Monday, January 21, 2019
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Corn Extends Decline as Seeding of Crop Almost Complete

Corn fell for a fourth day in Chicago after a report showed U.S. planting is near completion and most crops are in good condition, improving the prospects for record production. Wheat retreated for a 10th session.

U.S. farmers had planted 95 percent of corn in main growing areas as of June 1, and 76 percent of crops were in good or excellent condition, better than the 63 percent that received the top ratings at that time last year, the U.S. Department of Agriculture said yesterday. The Midwest will see frequent rain this week, maintaining favorable moisture conditions while more sunlight may be needed to benefit growth, forecaster DTN said.

"Better-than-expected weather in the northern Corn Belt pushed corn, soybean and spring wheat planting progress back in line with, or above, normal," Morgan Stanley analysts including Bennett Meier said in an e-mailed report today. The USDA's report showed "healthy corn" with crops in the best condition for this time of year since 2010, the bank said.

Corn for July delivery fell 0.9 percent to $4.615 a bushel at 6:50 a.m. on the Chicago Board of Trade. Prices fell to $4.6025 yesterday, the lowest for a most-active contract since Feb. 28. The grain has slipped 9 percent since the beginning of May, as farmers accelerated planting after fieldwork was delayed by rain and cold weather earlier this season.

Futures trading volumes were 37 percent lower than the average for the past 100 days for this time of day, according to data compiled by Bloomberg.

The U.S., the biggest corn grower and exporter, may produce a record 353.97 million metric tons from the next harvest, the USDA predicts. The agency pegs national yields at an all-time high at 165.3 bushels an acre. Morgan Stanley said risks for its yield estimate at 159 bushels an acre may be "skewed upwards" because of current good crop conditions.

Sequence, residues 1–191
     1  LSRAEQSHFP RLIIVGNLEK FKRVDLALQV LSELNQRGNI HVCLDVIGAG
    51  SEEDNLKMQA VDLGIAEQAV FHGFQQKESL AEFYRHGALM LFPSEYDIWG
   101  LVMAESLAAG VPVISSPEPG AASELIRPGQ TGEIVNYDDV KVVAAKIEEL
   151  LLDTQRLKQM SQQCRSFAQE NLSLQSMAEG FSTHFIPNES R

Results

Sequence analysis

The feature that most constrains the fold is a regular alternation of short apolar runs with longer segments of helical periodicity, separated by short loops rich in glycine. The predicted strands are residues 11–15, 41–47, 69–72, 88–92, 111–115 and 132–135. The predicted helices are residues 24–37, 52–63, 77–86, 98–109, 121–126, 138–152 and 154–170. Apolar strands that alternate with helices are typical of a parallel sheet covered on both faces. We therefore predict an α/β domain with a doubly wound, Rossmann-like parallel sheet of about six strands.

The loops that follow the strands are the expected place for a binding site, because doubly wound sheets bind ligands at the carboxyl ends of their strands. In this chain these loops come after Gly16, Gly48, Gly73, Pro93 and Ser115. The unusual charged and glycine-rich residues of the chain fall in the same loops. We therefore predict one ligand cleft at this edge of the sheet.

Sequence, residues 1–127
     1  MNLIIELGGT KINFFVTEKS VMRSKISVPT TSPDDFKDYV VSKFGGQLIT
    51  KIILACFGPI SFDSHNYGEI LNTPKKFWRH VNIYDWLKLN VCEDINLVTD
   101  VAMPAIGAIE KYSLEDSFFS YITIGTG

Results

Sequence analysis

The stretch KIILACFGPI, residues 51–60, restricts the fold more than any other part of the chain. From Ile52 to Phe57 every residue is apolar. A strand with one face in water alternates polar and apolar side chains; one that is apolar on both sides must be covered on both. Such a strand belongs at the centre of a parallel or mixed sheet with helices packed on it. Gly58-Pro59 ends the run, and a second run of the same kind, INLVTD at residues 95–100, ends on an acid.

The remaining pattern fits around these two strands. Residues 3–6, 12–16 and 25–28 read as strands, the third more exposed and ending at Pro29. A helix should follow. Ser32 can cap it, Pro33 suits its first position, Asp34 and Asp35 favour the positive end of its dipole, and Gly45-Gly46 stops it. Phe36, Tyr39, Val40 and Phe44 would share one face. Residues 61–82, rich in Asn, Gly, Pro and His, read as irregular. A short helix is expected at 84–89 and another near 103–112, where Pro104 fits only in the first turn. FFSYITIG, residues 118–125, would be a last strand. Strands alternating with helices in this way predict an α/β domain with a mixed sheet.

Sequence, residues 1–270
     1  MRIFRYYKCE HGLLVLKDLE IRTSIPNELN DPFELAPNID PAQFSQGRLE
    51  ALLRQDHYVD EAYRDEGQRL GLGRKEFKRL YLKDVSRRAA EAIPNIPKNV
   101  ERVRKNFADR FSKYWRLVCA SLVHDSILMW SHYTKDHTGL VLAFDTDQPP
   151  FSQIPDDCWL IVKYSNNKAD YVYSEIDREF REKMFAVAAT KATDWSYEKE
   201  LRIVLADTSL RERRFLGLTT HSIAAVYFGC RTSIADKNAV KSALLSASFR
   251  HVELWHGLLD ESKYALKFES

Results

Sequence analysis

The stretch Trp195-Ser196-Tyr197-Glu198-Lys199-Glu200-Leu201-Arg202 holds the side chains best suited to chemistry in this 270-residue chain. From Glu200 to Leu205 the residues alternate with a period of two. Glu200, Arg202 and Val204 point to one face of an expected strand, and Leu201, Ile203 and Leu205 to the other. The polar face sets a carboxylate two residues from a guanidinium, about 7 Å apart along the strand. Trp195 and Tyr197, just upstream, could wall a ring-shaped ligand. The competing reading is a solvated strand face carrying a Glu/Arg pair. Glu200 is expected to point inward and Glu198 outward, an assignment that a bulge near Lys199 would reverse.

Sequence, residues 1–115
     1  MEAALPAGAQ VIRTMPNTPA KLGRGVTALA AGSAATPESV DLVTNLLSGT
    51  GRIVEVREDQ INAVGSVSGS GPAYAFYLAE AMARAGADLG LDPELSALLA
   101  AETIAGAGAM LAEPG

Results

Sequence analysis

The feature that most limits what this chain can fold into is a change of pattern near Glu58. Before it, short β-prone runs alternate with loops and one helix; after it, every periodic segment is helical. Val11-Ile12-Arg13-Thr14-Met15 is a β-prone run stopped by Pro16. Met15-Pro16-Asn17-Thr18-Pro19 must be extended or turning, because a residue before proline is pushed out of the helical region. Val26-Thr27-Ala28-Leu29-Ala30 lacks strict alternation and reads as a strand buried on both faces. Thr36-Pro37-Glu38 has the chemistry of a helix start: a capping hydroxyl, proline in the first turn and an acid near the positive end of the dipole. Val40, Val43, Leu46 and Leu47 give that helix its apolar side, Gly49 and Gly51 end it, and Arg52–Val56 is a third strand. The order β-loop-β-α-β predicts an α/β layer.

Soybeans Slip

Soybeans for July delivery declined 0.5 percent to $14.925 a bushel. U.S. planting was 78 percent complete as of June 1, compared with the five-year average pace of 70 percent, the USDA said.

Wheat for July delivery dropped 0.3 percent to $6.19 a bushel in Chicago, erasing an earlier gain. Ten days of falling prices would mark the longest slump for most-active futures since September 1998. About 30 percent of U.S. winter wheat was in good or excellent condition as of June 1, unchanged from a week earlier, the agency said. Growing areas in the U.S. Great Plains have suffered from drought this year.

Milling wheat for November delivery was unchanged at 190.50 euros ($259.50) a ton on Euronext in Paris. The price is down 7.3 percent since the beginning of May.

To contact the reporters on this story: Whitney McFerron in London at This email address is being protected from spambots. You need JavaScript enabled to view it. ; Phoebe Sedgman in Melbourne at This email address is being protected from spambots. You need JavaScript enabled to view it.

To contact the editors responsible for this story: Claudia Carpenter at This email address is being protected from spambots. You need JavaScript enabled to view it. Dan Weeks, Bruce Stanley

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Contributing Editors

  • adrian muller has conducted seminars for the chicago board of trade, including a key series in 1999 which cautioned about a top in the equity markets (see his article “top experts and statistics on the dow”). adrian muller has appeared on cable tv financial programs with analysis on the futures markets and equity market directional forecasts. he has been quoted in barron's, the wall street journal, and futures magazine.

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